Shower of reliefs in Gujarat

Author: 
S. Sethuraman

Does God-fearing Prime Minister Narendra Modi really believe that by 2022, India would have attained ‘developed’ status? Holding out this vista from holy Kedarnath, one should not belittle his religious faith but the record in economic governance so far suggests more of skepticism than of presaging a realisable outcome.
Though well-acknowledged as a political magician, Modi had looked more harassed in recent weeks, with a mounting challenge to the ruling BJP in his home state he had held tight as Chief Minister for three terms. Obligingly came the hiatus ensured by the Election Commission in announcing poll dates in Himachal Pradesh but not in Gujarat, going somewhat against convention.
Fully exploiting this pause for three ‘emotional’ visits, Prime Minister Modi launched a series of projects and announced some GST reliefs and other give-aways as 'Diwali gift', to begin with, for the agitated Gujarati businesses -- large, medium and small. This was followed by a shower of other concessions, in installments, by the state government before being caught up with the ‘Model Code of Conduct’, which will come into force once poll notifications are issued.
The Election Commission announced on October 25 that Gujarat would go to polls in two phases, on December 9 and 14, the first phase for 89 seats and the second for 93 seats in the 182-memebr Assembly whose term expires on January 23, 2018. The poll process will start on November 14 with the issuance of notification and filing of nominations for the first phase.
For BJP at the Centre, and ruling Gujarat, this most prestigious Assembly election had begun to look a mighty challenge to get pre-occupied with and to leave no stones unturned in reversing a visible tide of shift of fortunes in favour of the Congress and its allies. Congress vice president Rahul Gandhi has been addressing huge rallies and galvanising support of all communities including the Patidars led by Hardik Patel and OBC leaders in lambasting Modi’s policies.
Modi for his part condemned the previous Congress-led UPA Government for ‘stalling’ Gujarat's growth. As Chief Minister then, he had to overcome all efforts of the Congress-led UPA Government to stall Gujarat's growth, and he ordained that "those opposed to vikas would not get a single rupee from the Centre".
Modi declared he personified development, (I am Vikas") in his campaign speeches while launching road and other projects in several districts of Gujarat, including the first phase of a Rs 650 crore ferry service in the Gulf of Cambay, his ‘dream project’ which got delayed because of the previous Government at the Centre
BJP campaigners have had a hard time in defending the Government's policies in the face of Rahul Gandhi's strident criticism, which focused on the massive economic disruption and job losses from demonetisation as well as GST which he dubbed as ‘Gabbar Singh Tax’, both launched ‘without foresight’.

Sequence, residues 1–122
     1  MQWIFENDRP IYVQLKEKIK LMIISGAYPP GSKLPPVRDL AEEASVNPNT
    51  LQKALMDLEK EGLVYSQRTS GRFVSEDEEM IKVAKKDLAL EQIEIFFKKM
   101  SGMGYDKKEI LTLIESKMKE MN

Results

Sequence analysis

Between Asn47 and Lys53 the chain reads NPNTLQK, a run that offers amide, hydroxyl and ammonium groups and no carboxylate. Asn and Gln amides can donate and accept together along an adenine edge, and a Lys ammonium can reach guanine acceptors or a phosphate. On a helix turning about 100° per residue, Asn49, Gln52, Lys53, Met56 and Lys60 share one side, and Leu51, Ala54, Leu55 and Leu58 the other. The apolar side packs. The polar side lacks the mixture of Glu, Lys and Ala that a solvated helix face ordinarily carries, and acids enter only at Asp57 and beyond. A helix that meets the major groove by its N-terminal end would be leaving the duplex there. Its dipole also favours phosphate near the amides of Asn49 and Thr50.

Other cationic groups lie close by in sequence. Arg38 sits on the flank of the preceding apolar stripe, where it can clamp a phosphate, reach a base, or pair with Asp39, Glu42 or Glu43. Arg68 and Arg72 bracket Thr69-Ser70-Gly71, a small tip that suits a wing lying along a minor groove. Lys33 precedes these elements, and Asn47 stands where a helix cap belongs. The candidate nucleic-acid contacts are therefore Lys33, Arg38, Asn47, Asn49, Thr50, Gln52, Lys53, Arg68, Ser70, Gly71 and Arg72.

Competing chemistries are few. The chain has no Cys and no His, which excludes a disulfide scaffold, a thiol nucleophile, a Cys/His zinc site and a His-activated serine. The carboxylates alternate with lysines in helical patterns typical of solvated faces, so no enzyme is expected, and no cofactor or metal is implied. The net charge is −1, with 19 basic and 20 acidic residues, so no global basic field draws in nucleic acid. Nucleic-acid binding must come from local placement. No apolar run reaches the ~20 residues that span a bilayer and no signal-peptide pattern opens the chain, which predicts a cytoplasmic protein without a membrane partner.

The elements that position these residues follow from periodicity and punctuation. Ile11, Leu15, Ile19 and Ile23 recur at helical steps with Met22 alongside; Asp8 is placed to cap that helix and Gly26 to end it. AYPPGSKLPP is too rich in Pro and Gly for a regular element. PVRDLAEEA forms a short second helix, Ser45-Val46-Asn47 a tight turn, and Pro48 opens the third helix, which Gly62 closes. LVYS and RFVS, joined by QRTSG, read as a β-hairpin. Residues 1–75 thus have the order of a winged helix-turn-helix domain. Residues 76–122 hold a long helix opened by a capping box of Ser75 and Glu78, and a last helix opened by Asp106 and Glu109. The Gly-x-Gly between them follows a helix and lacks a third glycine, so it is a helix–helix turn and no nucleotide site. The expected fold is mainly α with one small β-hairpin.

Rahul Gandhi has been joined in his campaign by leaders of Patidars, OBCs and Dalits who are said to account for 70 per cent of voters. Their coming together with Rahul has given an edge to the Opposition. In his last poll-related visit, the Prime Minister assured traders their past records would not be re-opened by the income tax department if they registered themselves under the GST regime.
How the Modi Government has been shaken up by the scale of resistance to demonetisation and GST policies is clear from some of the crash moves now being announced by the Centre. In a discovery, the Revenue Secretary Hasmukh Adhia has acknowledged the need for ‘some rejig’ in GST rates to reduce the burden on small and medium businesses.
The timing is more designed to pacify agitating Gujarati businessmen when GST rates are slashed. But this has to await the next meeting of GST Council when other states will prop up their own interests. While demonetisation and the GST have destabilised the local businessmen, the group the BJP has probably alienated the most are the Patels.
After the repression of the movement led by Hardik Patel in the name of reservations in August 2015, the Gujarat government has not found any accord with the most active Patel organisations.
Rahul has held close confabulations with all the leaders of Patidars, OBCs and Dalits for a frontal assault on the long-reigning BJP regime and to give a new life to Gujarat. A Congress government would be "a government of the poor, labourers, farmers, shopkeepers and youths”, Rahul Gandhi has said.
In the context of the Prime Minister's statement that economic reforms are on track, Finance Minister Arun Jaitley has announced a revised package of recapitalization for public sector banks so that, sufficiently capitalized, they would be able to meet financing needs of the productive sectors of the economy.
Jaitley contends that the growth slowdown has ‘bottomed out’ and the economy is restored to growth track. The latest stimulus package by way of recapitalisation of banks and a massive road construction programme would, it is hoped, would trigger production and jobs and also revive private investment.
While recapitalisation would be mainly through the issue of bonds, Government has also to provide budgetary resources and if fiscal deficit is also to be held at the budgeted 3.2 per cent of GDP, as Government avers, there would be cuts in spending in other areas of economy. (IPA)

Wednesday, 1 November, 2017